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Protosmia rubifloris (Cockerell, 1898)


Scientific Name: Protosmia rubifloris (Cockerell, 1898)

Common Name: Prong-faced Slender-Mason Bee


Chelynia rubifloris Cockerell, 1898: 50 [♀].

     Syntype ♀. USA, Washington, Seattle [14 May 1897], by T. Kincaid [USNM no. 24138].

Chelostoma rubifloris edwardsii Cockerell, 1916: 157 [♀]. Synonymy by Michener (1938: 127).

     Holotype ♀. USA, California, Amador County, by H. Edwards [BMNH no. B.M. Type Hym 17a.1962].

Raphidostoma ceanothi Cockerell, 1936: 134 [♂]. Synonymy by Michener (1938: 127).

     Holotype ♂. USA, California, Redwood Highway, Underwood’s Cabins, by Hooker [CAS no. 4256].

Protosmia ribifloris Nelson, Frost, and Nielson, 2021: 8. Lapsus of Protosmia rubifloris (Cockerell, 1898).


Taxonomic notes: Michener (1938: 127) indicated that the type of Chelynia rubifloris Cockerell, 1898, though no lectotype has been designated from the two syntype specimens.

As noted by Michener (1938: 127), Raphidostoma ceanothi is the male of Protosmia rubifloris, and Chelostoma rubifloris edwardsii Cockerell, 1916 represents the size variation within this species.

Distribution in Canada: Nelson et al. 2021 [AB].

The record of this species from northern Alberta by Nelson et al. (2021: 8) is well out of the expected range of this species in Canada. It is likely that the specimen in question is a misidentified female of Hoplitis robusta (Nylander, 1848), a much more widespread species; when proposing the genus Chelostomopsis Cockerell, 1925, Cockerell (1925: 206) noted that Formicapis Sladen, 1916 (the female) also had a process on the clypeus, though it has a different shape. As such, there are no confirmed records of this species in Canada, though it has been found just south of the border of southcentral British Columbia (Western Interior Basin), so likely occurs in Canada.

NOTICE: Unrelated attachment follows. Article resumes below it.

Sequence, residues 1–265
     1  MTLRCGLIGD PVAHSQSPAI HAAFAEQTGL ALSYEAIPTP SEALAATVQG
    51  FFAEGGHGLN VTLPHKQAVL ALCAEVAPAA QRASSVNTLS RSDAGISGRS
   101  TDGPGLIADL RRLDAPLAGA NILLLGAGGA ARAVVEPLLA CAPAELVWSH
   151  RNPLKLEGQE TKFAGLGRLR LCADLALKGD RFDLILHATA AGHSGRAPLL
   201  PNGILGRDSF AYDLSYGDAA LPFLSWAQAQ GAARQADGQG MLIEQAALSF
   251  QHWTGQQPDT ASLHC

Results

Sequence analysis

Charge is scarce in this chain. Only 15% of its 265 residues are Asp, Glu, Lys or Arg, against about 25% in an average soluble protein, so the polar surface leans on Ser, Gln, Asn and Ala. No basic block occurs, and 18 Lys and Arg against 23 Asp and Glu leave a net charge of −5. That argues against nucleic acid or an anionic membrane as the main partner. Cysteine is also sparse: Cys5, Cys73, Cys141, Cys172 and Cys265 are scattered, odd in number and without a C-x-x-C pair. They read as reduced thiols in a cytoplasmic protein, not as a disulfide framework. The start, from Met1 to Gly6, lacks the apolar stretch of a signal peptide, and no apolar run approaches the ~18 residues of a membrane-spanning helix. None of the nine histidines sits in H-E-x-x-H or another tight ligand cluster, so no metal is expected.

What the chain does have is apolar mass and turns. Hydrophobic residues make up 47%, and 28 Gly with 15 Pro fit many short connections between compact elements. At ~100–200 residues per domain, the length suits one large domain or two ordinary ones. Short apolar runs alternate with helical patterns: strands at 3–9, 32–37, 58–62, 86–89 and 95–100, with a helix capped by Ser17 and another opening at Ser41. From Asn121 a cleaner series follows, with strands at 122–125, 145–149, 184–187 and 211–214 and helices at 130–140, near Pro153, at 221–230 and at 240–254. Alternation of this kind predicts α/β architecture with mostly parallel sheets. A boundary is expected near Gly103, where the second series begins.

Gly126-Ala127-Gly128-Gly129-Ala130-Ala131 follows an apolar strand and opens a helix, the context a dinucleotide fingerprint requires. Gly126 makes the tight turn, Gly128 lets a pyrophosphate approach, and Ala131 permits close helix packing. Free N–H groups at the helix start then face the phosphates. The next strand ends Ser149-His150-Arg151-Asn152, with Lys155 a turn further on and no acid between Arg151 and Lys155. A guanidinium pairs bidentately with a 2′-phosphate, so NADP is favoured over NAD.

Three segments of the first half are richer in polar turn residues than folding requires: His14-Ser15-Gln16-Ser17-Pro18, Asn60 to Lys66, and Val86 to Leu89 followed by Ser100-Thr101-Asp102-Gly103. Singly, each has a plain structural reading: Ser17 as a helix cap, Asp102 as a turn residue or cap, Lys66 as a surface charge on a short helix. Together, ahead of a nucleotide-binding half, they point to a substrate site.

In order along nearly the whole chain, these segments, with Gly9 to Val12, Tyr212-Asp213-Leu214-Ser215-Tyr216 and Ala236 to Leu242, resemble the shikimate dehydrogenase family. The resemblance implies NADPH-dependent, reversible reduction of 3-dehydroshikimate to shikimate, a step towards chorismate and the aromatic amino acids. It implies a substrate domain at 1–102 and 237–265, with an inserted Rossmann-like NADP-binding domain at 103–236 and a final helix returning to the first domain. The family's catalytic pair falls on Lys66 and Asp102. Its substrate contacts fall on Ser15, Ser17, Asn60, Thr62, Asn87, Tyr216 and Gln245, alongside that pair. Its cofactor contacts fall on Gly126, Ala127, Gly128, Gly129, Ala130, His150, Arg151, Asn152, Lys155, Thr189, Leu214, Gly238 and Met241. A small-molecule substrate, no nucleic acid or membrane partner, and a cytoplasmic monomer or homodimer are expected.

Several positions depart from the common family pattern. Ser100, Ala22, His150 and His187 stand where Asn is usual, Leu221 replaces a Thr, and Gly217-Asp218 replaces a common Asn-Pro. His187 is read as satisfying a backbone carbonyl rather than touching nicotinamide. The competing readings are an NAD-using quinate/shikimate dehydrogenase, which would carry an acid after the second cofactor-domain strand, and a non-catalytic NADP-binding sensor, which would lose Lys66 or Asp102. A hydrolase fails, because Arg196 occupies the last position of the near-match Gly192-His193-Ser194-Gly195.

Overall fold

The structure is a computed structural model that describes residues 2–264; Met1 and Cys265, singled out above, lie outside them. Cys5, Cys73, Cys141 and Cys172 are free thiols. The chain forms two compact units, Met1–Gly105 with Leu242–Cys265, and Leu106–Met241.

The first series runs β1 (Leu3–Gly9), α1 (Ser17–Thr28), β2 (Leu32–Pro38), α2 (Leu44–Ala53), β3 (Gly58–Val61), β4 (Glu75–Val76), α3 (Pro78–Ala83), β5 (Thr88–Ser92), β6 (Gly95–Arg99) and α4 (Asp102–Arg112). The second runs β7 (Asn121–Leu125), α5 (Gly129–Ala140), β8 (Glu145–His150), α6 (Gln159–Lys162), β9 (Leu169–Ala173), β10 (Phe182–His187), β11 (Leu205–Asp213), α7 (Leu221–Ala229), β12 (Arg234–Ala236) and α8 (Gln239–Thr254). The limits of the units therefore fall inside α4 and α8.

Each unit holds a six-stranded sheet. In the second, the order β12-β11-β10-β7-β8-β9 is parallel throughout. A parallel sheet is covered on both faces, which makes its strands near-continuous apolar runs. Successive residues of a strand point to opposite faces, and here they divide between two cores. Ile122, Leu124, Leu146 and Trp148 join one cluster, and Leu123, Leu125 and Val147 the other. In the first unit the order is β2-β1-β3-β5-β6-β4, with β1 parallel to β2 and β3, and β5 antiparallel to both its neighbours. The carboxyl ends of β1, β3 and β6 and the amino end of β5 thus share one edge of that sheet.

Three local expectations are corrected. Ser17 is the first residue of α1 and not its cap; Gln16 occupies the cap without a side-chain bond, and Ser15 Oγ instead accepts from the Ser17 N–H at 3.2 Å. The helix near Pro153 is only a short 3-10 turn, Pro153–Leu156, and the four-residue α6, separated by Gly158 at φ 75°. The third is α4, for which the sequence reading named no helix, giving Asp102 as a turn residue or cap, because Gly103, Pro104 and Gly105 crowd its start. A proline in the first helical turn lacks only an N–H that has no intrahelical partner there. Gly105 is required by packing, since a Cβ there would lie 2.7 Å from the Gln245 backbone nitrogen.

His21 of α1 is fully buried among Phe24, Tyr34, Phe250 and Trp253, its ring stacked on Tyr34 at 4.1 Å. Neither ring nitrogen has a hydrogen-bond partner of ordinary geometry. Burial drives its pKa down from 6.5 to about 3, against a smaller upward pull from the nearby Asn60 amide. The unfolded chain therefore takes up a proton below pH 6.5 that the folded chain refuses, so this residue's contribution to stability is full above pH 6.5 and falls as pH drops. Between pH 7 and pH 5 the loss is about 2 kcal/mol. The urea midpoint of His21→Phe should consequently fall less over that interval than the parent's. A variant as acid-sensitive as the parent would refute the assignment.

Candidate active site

Cockerell TDA (1898) New and little-known bees. The Canadian Entomologist 30(3): 50-53.

Cockerell TDA (1916) New and little-known bees. The Entomologist 49: 156-160.

Cockerell TDA (1936) Bees from Northern California. The Pan-Pacific Entomologist 12: 133-164.

Michener CD (1938) The bees of the genera Chelostomopsis, Formicapis, Robertsonella and Prochelostoma (Hymen.: Megachilidae). Entomological News 49(5): 127-132.

Nelson CJ, Frost CM, Nielsen SE (2021) Narrow anthropogenic linear corridors increase the abundance, diversity, and movement of bees in boreal forests. Forest Ecology and Management 489: 119044

Sociality: Solitary
Nesting: Cavity Renter
Pollen Specialization: Narrow Oligolecty
Wintering Stage: Adult

Crop Preference: Not Available
Non Crop Preference: Not Available